Our Ineffective National Industrial Policy: Employer Taxes, Unions, and a Lesson for Procurement

This is the second half of Thomas Kase’s rant. Click here for Part 1, on natural resources regulations.

Taxes and regulations

Fact: we have the highest employer taxes in the world.

I think we should use the term “employer” instead of “corporation” much more; maybe that’ll get people thinking about what companies actually do. Tax employers => you get fewer employers, more unemployed (nice job Congress). Why do we even have any corporate taxes? The companies all have owners; any money they take out gets taxed. What’s the public interest in double taxation of employers?

Even the Europeans have caught on. Look at what they’re doing in the UK, taking their tax rate to 20% - or less than half the average statutory rate in the US (which is what small firms face). No wonder leading US firms keep their earnings overseas, as well as take tax-optimized value-add strategies into consideration regarding products as well as where to locate various levels of operational support (not low-level transactional functions either).

Then you have the current rumblings about the federal minimum wage laws – especially scary in a country as large as the USA. It’s widely proven that raising minimum wages disparately impacts young people and minorities, as it takes away low-skill and entry positions. The federal minimum wage will not be much of an issue in NYC or other major cities with high costs of living, but it will hurt those in areas with lower cost structures. It doesn’t take a genius to figure out that you will revisit your automation, offshoring, and hiring decisions whenever a cost driver is increased substantially. Expect a rural impact with fewer non-city job opportunities and greater pressure on cities.

Let’s turn to the destruction of our (the world’s actually) health care sector – aka the “Patient Protection and ‘Affordable’ Care Act” – which we have written about in the past. Making life further complicated for small companies are the IRS rules around aggregating ownership across companies when deciding who meets the full-time employee triggers. This from the same federal government that runs the SBA, which supposedly supports the creation and growth of new small businesses!

Next from the federal regulatory circus is the EPA and their ongoing attempts to redefine what is water. Really, there is no end to this “logic” – the humidity in the air around us would appear to be fair game to these regulators. Certainly we can expect roof design and down spout regulations before long. And our water quality is getting much better. Just like air quality, we’re getting closer to preindustrial quality levels – so why the expanding power grab?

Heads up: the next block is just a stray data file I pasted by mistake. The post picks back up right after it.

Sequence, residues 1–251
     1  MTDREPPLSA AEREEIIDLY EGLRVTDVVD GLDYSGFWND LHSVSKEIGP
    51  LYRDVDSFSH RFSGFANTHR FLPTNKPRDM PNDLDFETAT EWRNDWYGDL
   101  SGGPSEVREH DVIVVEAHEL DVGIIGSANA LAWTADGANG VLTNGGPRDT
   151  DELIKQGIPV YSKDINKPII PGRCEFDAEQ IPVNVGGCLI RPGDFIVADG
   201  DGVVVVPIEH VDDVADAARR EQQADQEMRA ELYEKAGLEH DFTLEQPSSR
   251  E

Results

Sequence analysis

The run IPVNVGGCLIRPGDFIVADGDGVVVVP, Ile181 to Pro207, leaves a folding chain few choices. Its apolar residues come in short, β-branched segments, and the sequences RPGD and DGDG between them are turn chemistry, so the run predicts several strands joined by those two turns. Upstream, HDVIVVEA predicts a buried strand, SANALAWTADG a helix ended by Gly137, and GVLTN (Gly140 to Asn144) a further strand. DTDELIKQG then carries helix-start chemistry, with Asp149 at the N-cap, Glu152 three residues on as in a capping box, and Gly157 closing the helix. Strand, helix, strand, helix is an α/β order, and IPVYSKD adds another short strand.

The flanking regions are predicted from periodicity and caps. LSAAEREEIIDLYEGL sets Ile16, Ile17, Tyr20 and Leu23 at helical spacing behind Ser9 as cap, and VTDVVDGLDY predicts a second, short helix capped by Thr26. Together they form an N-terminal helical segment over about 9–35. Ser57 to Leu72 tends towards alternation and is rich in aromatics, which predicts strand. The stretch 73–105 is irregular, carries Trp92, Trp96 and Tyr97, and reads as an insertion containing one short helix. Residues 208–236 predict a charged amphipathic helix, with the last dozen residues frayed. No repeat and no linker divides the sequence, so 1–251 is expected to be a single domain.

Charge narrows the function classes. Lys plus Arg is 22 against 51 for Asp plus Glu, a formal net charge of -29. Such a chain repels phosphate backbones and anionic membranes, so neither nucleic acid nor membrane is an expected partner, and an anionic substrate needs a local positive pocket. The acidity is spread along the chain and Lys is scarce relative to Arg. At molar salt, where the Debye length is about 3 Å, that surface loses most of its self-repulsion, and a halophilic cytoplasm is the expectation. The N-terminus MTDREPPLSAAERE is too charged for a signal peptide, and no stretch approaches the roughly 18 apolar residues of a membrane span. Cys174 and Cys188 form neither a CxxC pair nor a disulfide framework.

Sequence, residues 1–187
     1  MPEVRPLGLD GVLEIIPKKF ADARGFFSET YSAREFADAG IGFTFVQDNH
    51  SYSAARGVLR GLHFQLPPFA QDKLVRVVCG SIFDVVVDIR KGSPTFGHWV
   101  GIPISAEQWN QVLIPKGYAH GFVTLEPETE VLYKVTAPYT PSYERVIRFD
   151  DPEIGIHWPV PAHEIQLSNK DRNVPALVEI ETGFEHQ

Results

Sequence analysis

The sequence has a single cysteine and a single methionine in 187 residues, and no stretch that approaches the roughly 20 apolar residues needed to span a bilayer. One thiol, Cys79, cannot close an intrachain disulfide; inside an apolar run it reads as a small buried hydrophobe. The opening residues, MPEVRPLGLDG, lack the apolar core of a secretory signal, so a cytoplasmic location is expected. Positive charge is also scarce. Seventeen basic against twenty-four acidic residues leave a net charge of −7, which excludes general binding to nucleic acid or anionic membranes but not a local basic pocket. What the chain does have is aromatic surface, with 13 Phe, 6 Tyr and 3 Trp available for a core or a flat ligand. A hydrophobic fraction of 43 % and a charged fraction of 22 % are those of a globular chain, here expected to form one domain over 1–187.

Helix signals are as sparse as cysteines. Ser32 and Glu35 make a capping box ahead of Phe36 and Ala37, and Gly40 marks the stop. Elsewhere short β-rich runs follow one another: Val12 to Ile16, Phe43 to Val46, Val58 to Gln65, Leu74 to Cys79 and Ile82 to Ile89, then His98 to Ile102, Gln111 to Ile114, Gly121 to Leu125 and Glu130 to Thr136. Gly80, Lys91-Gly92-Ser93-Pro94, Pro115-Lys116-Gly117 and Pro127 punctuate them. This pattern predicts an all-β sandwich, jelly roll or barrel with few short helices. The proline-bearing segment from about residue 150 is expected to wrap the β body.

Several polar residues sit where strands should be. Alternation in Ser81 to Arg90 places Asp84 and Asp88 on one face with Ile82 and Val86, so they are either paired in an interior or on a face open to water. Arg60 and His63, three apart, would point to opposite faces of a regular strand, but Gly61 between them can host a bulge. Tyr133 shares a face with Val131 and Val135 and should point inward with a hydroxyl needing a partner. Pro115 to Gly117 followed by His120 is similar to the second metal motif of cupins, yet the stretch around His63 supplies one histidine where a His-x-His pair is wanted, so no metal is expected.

My perspective comes from having grown up in the most unionized country in the world (Sweden), then working in Japan, a country with effectively no trade unions. I also had firsthand visibility into heavy union industries in the US (Michigan and automotive) and saw the gradual manufacturing shift to the South (I was involved in early projects at Toyota’s Kentucky plant) and then the ongoing influx of firms to Georgia, Alabama, Tennessee.

We have all see what unions ultimately create. Take for example the fall of Detroit. Unions are a bit cuckoo in more ways than one, taking over the nest and starving or otherwise killing their nest mates as quickly as they can. The Administration’s renewed efforts to increase union enrollment despite Detroit is alarming – do we not learn anything from history? Much as I like being in the South, the auto sector did not invest down here because of the education level of the workforce – it was the lack of stifling unions, the right-to-work laws. Look at the cost of cars built in Europe versus in the USA – Mercedes and Toyota only build their high-end vehicles in the old country; the rest are built in the Americas. We do not need more or stronger unions in any section of our economy.

Procurement angle

You just can't ignore the short and long term impact of these issues. When you pick strategic suppliers, when you decide where to build new plants and where to place your centers of excellence, you want them to be in locations that are conducive and supportive of business and growth – in places where bureaucrats and union officials will not capriciously rewrite the rules of business overnight. This is about risk management as much as it is about short-term financial stewardship.

"We suck less" is not a good industrial policy – we are long overdue for a best of breed approach. We already have some of the best property rights, due process, and other corporate laws in the world – why can't we be best at the rest? No need for the Feds to tell us what to make, just get out of the way so we can perform.

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First Voice

  1. Aaron Powell:

    Well written, Thomas. It reminds me of a quote sometimes attributed to a couple of other Thomas’s (Jefferson and Paine), but more famously expounded by Henry David Thoreau in his essay Civil Disobedience:

    “That government is best which governs least.”

    In the same paragraph, Thoreau goes on to say something very much akin to what you have written:

    “Government is at best but an expedient; but most governments are usually, and all governments are sometimes, inexpedient.”

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